TCU students have become the ultimate example of fair-weather fans.It is hypocritical to expect our basketball team to do well if we, the student body, do not back them up. Our lack of support is a weakness in the team’s game.
I am always disappointed when I hear a TCU student, who does not show up in the arena to cheer on the team, complain about our season. How can we expect a stellar season if we neglect to root for our team?
When the players do not have fans counting on them and yelling for them, they are disadvantaged by a loss of motivation.
“Our team is working hard and playing hard this season, and if fans would come out, they’d get to see that,” former TCU basketball player Marcus Sloan said. “Fan support would definitely help our team. Anytime you have people backing you up, you’re going to play better. It’s like having a family supporting you.”
Last season’s winning team enjoyed enthusiastic student support from the stands, Sloan said.
But this season, the gusto from the student section has evaporated completely. Not only are TCU students abandoning their team by leaving rows of seats empty, they actually have the audacity to grumble about the team’s performance.
“More parents and fans for the other team come to the games than students, which is pathetic,” sophomore political science major Wes Knaub said.
The presence of an animated crowd has an undeniable impact on any sports game. An arena packed with cheering, devoted fans not only gives the home team a rush, it psychs the other team out and impedes its ability to communicate effectively.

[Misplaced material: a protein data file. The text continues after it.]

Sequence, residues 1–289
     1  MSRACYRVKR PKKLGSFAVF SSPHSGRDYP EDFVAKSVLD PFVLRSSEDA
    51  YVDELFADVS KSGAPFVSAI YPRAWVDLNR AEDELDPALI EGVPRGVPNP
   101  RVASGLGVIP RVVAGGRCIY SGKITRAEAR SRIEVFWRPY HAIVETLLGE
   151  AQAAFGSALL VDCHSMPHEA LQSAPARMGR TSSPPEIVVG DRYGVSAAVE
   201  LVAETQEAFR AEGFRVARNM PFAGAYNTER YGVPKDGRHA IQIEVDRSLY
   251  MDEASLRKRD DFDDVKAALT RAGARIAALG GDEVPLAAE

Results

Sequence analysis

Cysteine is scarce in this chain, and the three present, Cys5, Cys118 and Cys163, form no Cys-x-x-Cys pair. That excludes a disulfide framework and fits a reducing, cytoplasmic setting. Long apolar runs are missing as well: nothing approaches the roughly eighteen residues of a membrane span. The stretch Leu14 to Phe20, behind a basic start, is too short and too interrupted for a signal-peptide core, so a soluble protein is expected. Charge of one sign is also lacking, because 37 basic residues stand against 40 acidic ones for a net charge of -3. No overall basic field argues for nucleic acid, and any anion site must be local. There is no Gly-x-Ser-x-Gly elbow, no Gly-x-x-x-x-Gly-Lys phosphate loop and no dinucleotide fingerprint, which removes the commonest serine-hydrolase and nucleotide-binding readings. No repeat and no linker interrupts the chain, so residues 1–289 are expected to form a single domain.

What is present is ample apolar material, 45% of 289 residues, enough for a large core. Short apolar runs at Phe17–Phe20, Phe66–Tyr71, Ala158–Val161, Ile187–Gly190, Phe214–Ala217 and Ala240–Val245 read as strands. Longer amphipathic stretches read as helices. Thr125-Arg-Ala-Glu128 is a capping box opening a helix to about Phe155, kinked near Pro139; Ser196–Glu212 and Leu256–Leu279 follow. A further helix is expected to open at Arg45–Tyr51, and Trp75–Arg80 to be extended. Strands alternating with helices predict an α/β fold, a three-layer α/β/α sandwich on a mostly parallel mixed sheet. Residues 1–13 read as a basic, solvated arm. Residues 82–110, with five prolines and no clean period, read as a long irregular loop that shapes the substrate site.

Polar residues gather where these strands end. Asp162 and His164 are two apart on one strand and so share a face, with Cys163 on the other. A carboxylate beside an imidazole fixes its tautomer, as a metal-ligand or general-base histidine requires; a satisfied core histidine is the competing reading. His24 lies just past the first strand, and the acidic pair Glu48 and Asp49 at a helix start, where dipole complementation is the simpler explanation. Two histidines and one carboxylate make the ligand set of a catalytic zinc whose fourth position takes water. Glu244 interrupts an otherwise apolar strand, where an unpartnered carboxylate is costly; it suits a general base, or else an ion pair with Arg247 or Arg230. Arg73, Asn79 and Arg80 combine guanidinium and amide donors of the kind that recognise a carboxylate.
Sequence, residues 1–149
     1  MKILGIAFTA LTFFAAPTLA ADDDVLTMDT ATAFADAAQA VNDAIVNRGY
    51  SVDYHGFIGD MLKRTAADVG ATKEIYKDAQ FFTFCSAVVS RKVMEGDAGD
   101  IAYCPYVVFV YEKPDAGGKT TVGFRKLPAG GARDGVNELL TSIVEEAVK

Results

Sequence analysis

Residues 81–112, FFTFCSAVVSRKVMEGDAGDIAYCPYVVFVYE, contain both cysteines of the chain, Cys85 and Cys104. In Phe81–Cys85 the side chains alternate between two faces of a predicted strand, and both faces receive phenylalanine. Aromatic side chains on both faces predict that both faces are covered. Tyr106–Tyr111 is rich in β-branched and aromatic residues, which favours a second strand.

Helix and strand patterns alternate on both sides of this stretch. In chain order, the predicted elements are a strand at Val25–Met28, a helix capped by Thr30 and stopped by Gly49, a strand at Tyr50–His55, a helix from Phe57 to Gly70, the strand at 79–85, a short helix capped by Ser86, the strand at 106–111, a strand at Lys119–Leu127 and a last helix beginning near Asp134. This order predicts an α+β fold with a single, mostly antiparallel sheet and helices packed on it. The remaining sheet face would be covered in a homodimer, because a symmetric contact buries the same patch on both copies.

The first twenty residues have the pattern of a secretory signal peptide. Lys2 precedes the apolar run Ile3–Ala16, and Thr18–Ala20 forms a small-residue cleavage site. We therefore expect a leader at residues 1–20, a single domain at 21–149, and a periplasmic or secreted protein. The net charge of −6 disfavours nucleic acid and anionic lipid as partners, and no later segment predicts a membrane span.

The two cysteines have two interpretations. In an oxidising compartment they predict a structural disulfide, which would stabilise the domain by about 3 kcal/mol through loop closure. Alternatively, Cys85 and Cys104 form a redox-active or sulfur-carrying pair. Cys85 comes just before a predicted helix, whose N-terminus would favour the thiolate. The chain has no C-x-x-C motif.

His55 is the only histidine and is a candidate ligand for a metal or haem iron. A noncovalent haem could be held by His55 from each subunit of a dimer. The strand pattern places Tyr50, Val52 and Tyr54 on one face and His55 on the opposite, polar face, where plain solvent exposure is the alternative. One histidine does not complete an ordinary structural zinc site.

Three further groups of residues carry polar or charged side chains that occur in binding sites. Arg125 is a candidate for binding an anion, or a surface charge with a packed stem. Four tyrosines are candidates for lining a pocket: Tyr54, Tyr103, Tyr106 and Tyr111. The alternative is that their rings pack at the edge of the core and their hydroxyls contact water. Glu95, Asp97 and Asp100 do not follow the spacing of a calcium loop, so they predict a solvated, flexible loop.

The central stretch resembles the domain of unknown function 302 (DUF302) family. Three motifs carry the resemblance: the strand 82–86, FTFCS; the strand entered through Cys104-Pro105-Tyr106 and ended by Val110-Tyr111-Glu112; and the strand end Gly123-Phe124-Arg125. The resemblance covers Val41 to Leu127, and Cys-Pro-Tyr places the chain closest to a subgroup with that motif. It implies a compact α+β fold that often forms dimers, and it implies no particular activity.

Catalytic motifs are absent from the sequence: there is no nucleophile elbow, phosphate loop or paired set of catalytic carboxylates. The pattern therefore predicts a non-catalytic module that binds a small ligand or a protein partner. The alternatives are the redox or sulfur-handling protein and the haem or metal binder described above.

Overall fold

In the midst of the setbacks it’s facing this season, the TCU men’s basketball team should be able to depend on loyal supporters for encouragement.
After losing three valuable seniors from last season, the team is now relatively young and inexperienced. The switch from Conference USA to the Mountain West Conference has also presented a challenge, as the team has had to alter its playing style to better fit its conference.
While other factors may also be obstacles to the team this season, the lack of student attendance and enthusiasm is certainly not boosting the team’s morale.
“Crowds always make the environment that much better,” Director of Sports Medicine Chris Hall said. “When the stands are filled with cheering students, it gets the players up and going. There’s an electrifying feeling that gets them hyped up and ready to play.”
TCU basketball is lacking a fan base it can depend on and without that, a key component of the sport is missing.
“For any sports team to be successful you need the players, the coaches, the officials and the crowd,” Hall said. “You’ve got to have the crowd there. It’s the only way the players will know they are getting some support.”
Because athletic events are free for students, they have all the more reason to attend games.
“College students should be enjoying everything a campus has to offer,” Hall said. “I don’t think the students take advantage of everything that’s laid out before them. Student fees pay for an awful lot of opportunities.”
The Horned Frogs displayed exceptional talent and teamwork when they defeated Colorado State 85-72 Saturday, Jan. 21.
“I think this year, we get a chance everyday to try to prove ourselves. The Colorado State game showed us glimpses of what we should have been this season, and what we still could be,” Hall said. “There are still eight games left, and a lot can be done in eight games.”
Four of the games remaining on the schedule will be played at home, leaving four more opportunities for the students to repair their disloyal reputation. No matter the team record, TCU students should demonstrate the enthusiasm and pride they have in their school.
As much as we count on the basketball team to win games, the team also counts on us to back it up with spirit. Our expectations for the team are disproportionate to the exceptionally limited amount of support we offer it. Thus far, the student body has failed to be a team player.
Jordan Cohen is a freshman English major from Lewisville, N.C.